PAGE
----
Monday, September 29, 2008
Wednesday, September 24, 2008
Fortunately, John over at GayPatriot covers my reaction to the news quite nicely, and Famous Author Rob Byrnes manages the rejoinder with both style and flair.
Blogging by outsourcing. It's the new wave.
Saturday, September 20, 2008
At the Broward Democratic Party's monthly meeting Tuesday night, it started right at the beginning — with the invocation, delivered by Mike Moskowitz, the state committeeman for the county.
He called for a "blessing on the elk and moose in Alaska who have been decimated by Sarah Barracuda" and included a prayer that Palin doesn't turn her sights on the squirrels in Washington, D.C.
"We pray that her journey takes her across the bridge to nowhere," he said.
One wonders if they're familiar with Matthew 6:5.
Friday, September 19, 2008
The policy allowing failed test scores to be thrown out is just one of several changes to the grading policy that went into effect at the start of this school year.
Other grading policies include:
• For elementary and middle school students, only homework grades "that raise a student's average" will be recorded.
• Students must be given one opportunity to turn in homework assignments that weren't finished on time.
• Parents must be contacted before a teacher records a zero in the grade book.
Of course, this is all done with what could be loosely termed "good intentions".
The new policies were put in place because Dallas has one of the highest dropout rates in the state of Texas.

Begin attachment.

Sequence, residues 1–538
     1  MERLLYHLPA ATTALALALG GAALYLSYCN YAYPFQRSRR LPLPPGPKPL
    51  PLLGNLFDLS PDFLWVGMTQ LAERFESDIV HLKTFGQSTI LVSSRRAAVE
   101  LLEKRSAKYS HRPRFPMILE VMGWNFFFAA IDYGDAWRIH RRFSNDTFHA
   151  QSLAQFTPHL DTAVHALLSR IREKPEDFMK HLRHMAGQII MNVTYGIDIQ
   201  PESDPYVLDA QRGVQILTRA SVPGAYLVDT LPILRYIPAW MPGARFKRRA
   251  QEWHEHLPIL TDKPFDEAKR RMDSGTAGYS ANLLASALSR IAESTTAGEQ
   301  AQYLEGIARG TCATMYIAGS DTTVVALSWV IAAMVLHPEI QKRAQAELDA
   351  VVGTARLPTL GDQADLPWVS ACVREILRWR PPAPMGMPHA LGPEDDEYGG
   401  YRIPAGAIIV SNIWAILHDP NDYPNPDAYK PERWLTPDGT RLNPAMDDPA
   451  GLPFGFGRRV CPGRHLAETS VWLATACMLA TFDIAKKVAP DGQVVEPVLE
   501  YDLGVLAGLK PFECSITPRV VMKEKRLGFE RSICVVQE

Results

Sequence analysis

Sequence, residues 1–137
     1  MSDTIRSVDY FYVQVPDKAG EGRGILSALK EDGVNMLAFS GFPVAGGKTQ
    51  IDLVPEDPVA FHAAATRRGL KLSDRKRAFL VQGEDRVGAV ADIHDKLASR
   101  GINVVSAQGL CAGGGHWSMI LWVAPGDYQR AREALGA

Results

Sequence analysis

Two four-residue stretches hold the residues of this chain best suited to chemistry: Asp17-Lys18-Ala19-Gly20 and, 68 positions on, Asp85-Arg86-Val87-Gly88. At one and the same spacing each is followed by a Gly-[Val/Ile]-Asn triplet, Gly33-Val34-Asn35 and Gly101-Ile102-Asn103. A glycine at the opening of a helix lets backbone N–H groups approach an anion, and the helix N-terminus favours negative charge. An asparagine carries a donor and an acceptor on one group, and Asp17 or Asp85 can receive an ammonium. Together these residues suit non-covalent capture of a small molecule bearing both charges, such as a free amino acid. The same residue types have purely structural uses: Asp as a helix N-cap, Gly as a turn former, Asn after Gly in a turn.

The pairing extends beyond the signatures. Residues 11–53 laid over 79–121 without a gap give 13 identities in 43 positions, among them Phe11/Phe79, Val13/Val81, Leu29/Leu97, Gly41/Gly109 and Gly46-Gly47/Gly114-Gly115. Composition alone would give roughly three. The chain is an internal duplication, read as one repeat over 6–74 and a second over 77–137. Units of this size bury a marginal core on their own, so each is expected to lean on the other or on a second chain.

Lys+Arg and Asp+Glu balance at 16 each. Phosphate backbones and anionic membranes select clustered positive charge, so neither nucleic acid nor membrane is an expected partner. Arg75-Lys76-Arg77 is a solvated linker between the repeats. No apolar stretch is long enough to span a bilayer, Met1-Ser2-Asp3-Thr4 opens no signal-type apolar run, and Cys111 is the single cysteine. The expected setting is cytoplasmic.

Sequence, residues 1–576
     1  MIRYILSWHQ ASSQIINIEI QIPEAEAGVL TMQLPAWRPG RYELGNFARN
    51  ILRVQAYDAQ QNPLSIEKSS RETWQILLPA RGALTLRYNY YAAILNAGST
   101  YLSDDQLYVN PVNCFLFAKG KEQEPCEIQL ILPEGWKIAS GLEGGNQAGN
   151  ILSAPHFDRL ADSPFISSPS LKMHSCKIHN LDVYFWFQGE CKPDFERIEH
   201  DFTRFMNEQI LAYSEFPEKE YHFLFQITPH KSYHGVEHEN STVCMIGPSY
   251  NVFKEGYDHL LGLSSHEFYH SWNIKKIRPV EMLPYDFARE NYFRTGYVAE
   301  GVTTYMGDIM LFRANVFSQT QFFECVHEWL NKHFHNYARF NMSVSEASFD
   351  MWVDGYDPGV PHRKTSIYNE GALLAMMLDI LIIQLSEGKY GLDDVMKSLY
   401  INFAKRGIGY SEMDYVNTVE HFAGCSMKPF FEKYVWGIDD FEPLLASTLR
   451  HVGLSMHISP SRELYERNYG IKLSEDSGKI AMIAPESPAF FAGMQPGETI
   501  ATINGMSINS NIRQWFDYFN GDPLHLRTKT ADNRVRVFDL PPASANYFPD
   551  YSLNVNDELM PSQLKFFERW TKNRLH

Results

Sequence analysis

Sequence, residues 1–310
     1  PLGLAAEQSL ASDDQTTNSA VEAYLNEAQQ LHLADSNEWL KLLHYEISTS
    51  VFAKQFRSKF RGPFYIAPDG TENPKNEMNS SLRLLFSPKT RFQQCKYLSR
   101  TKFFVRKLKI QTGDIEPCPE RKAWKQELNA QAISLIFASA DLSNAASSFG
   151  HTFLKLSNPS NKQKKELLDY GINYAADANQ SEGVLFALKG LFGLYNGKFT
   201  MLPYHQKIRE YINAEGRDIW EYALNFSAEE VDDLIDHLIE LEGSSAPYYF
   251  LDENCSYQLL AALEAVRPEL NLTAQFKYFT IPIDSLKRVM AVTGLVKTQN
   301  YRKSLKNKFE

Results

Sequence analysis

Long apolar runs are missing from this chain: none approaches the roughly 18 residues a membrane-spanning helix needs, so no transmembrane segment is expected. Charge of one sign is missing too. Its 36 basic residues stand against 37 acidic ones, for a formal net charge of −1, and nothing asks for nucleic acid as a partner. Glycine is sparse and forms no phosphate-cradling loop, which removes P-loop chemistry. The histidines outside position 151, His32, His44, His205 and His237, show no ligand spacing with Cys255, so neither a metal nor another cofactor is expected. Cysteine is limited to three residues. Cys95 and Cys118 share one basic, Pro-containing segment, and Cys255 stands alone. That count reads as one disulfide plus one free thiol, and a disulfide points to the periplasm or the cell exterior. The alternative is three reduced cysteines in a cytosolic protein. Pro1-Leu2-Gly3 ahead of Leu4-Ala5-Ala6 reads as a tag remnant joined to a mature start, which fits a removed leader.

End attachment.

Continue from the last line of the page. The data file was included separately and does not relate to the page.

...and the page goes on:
A small committee of administrators and teachers wrote the new grading policy. The goal, they say, is to keep kids in school and prevent them from getting discouraged and dropping out.
"What we're really interested in is 'Are the children learning?' and if they're not, we need intervention immediately. This system does that," said Jerome Garza, a district school board trustee.
Evidently under the theory that children will get smarter merely by your inflating their grades and ignoring their bad work.
Basic rule of thumb, Mr. Garza: mistakes that are ignored invariably are repeated. When your poor dear cherubs reach the working world, people are not going to be amused by their belief that, if they are late to work, it means that the starting time is wrong and needs to be moved backwards.
If someone does not have the skills or education to receive a high school diploma, they should not get one. When it comes to educational standards, you should be raising the students to them, instead of the exact opposite.
But then again, what can we expect, when you and yours on the committee who drafted this abomination think that 48% attendance constitutes full participation?
Thursday, September 18, 2008
The Harvey Milk Club political action committee held its endorsement meeting at the Lesbian, Gay, Bisexual and Transgender Center on Market Street the other day - and from the sound of things, it was a real head spinner.
The lemony cake on the snack table was laced with marijuana, courtesy of the Access of Love cannabis collective.
It wasn't long before a number of unsuspecting attendees began feeling the effects. When finally told of the secret ingredient, one gentleman angrily demanded an explanation from club leaders.
"It's my birthday," shouted the guest who had brought the cannabis confection.